the array access itself. Again, not the prettiest, but we're going for
speed, here.

2. The original indexer is sufficiently simple that the compiler /
JITter should in-line the calls, reducing indexed access to the
"vector" to a simple array access (one bounds comparison, one address
calculation, and one read or write) with no method call overhead. If it
turns out tha the JITter does not in-line calls, you could always make
_vector public and access it directly via myVector.Vector[i], which is
ugly but possible. You shouldn't have to do this, though, because the
compiler really should in-line such a simple indexer as the first one.
The second with the bounds check probably wouldn't be in-lined.

3. The class is _not_ thread-safe. In particular, the reallocation
operation is _not_ atomic and cannot be made atomic without slowing the
whole thing down tremendously by introducing locks around the indexer
getter and setter and the Add operation including reallocation. I
assume that you're not multi-threading.
Nov 19 '06 #76

Peter Olcott wrote:
public MyValueType this[uint index] // does this eliminate the possibility of
index < 0 ?
{
get { return this._vector[index]; }
set { this._vector[index] = value; }
}
Yes, but you will have to mark the method as non-CLS compliant because
some .NET languages don't support unsigned types. No biggie unless
you're planning on calling the code from another .NET language.

And no, C# has no "inline" indication. That is left entirely up to the
compiler and the JITter.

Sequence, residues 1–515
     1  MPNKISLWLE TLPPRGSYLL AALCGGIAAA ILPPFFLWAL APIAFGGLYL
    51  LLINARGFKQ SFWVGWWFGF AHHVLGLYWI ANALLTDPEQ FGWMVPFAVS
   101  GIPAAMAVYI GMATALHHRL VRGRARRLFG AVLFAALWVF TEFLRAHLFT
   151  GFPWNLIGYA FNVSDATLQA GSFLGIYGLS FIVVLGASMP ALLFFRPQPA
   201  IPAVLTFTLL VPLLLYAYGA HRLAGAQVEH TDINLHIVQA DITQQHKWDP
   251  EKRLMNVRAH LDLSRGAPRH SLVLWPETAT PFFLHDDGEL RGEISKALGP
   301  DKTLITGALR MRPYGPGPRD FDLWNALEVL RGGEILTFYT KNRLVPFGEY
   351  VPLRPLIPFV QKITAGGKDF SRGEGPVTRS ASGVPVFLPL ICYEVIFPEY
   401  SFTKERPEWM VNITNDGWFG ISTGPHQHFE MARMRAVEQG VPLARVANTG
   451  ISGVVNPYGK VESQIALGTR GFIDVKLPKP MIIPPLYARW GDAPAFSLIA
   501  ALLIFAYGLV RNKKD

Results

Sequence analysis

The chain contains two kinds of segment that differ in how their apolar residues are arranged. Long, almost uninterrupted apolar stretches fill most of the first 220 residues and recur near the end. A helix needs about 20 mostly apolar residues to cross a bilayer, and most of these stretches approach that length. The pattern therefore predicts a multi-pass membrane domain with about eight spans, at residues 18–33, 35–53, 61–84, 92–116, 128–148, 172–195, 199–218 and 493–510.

Yes, C# generics offer similar functionality to C++ templates, although
the former are compiler constructs while the latter are
text-substitution constructs, which introduces some subtle differences.
Nonetheless, you can think of them as the "same thing" for basic usage
purposes.

Nov 19 '06 #77

"Bruce Wood" <br*******@canada.comwrote in message
news:11**********************@b28g2000cwb.googlegr oups.com...
>
Peter Olcott wrote:
>public MyValueType this[uint index] // does this eliminate the possibility
of
index < 0 ?
{
get { return this._vector[index]; }
set { this._vector[index] = value; }
}

Yes, but you will have to mark the method as non-CLS compliant because
some .NET languages don't support unsigned types. No biggie unless
you're planning on calling the code from another .NET language.

And no, C# has no "inline" indication. That is left entirely up to the
compiler and the JITter.

Yes, C# generics offer similar functionality to C++ templates, although
the former are compiler constructs while the latter are
text-substitution constructs, which introduces some subtle differences.
Nonetheless, you can think of them as the "same thing" for basic usage
purposes.
Now all that remains is to see if your get/set code mentioned above is placed
inline.
Nov 19 '06 #78

Peter Olcott wrote:
"Bruce Wood" <br*******@canada.comwrote in message
news:11**********************@b28g2000cwb.googlegr oups.com...

Peter Olcott wrote:
public MyValueType this[uint index] // does this eliminate the possibility
of
index < 0 ?
{
get { return this._vector[index]; }
set { this._vector[index] = value; }
}
Yes, but you will have to mark the method as non-CLS compliant because
some .NET languages don't support unsigned types. No biggie unless
you're planning on calling the code from another .NET language.

And no, C# has no "inline" indication. That is left entirely up to the
compiler and the JITter.

Yes, C# generics offer similar functionality to C++ templates, although
the former are compiler constructs while the latter are
text-substitution constructs, which introduces some subtle differences.
Nonetheless, you can think of them as the "same thing" for basic usage
purposes.

Now all that remains is to see if your get/set code mentioned above is placed
inline.
I know that the compiler inlines getters and setters that do nothing
but fetch and assign a corresponding field. I don't see why an indexer
would be any different.

Nov 20 '06 #79

"Bruce Wood" <br*******@canada.comwrote in message